Quoting David Beckworth quoting Barry Ritholtz (excerpt):
I recently made the case that many observers are not thinking properly about the Fed's Quantitative Easing (QE) programs. Using the analogy of George Bailey's life in the film It's a Wonderful Life, I argued that the critics who question the efficacy of the QE programs are doing the wrong counterfactual. Today, Barry Ritholtz makes the same point:
One of the analytical errors I seem to constantly come across is what I call the non-result result. It goes something like this:If you do X, and there is no measurable change, X is therefore ineffective.
The problem with this analysis is the lack of a control group, If you are testing a new medication to reduce tumors, you want to see what happened to the group that did not get the tested therapy. Perhaps their tumors grew and metastasized. Hence, no increase in tumor mass or spreading is considered a very positive outcome.
This seems to get loss in the debate over QE. The debate — either ignorantly or disingenuously — makes claims such as “Look how few jobs have been created, and look how high unemployment is.”
Understanding this logic, and lacking a control group, we must employ a counter-factual. The question one should be asking is “How many less jobs would have been created?; How much higher would unemployment be?”
I made the exact same point a year and a half ago:
...Lots of things can have an impact on any given target variable, and you can’t assume that whatever changes occurred are purely from the effect of a particular policy. Improvements or a deterioration in the situation targeted by that policy could have come about from completely unrelated sources...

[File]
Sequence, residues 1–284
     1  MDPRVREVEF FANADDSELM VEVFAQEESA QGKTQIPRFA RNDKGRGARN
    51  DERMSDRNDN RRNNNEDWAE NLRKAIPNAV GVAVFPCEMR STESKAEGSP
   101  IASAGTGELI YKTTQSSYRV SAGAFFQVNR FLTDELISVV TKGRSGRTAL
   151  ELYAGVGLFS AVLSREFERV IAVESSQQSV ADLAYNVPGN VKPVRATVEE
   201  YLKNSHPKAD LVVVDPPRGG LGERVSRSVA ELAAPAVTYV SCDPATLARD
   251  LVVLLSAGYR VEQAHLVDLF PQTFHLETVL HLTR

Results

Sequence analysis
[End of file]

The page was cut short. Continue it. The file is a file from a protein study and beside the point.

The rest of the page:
…In a nutshell, figuring out whether a particular public policy is working you’ll need to measure it, not against what it has achieved or not achieved, but against what would have happened in its absence…
...That’s one big reason why economists rely on models, which are simplified enough to be understandable, yet close enough to the real world to hopefully gain real insights. It’s also why the field of economics is increasingly mathematically demanding...
...But the underlying problem still remains – you can’t really rigorously evaluate the impact of any particular policy or set of policies based on what has happened alone. It has to be measured against the “would have been” and “might have been”.
This isn’t just about QE or the ETP or any other public policy, it’s about all of them. Next time somebody says a particular policy has succeeded or failed, ask what the counterfactual would be.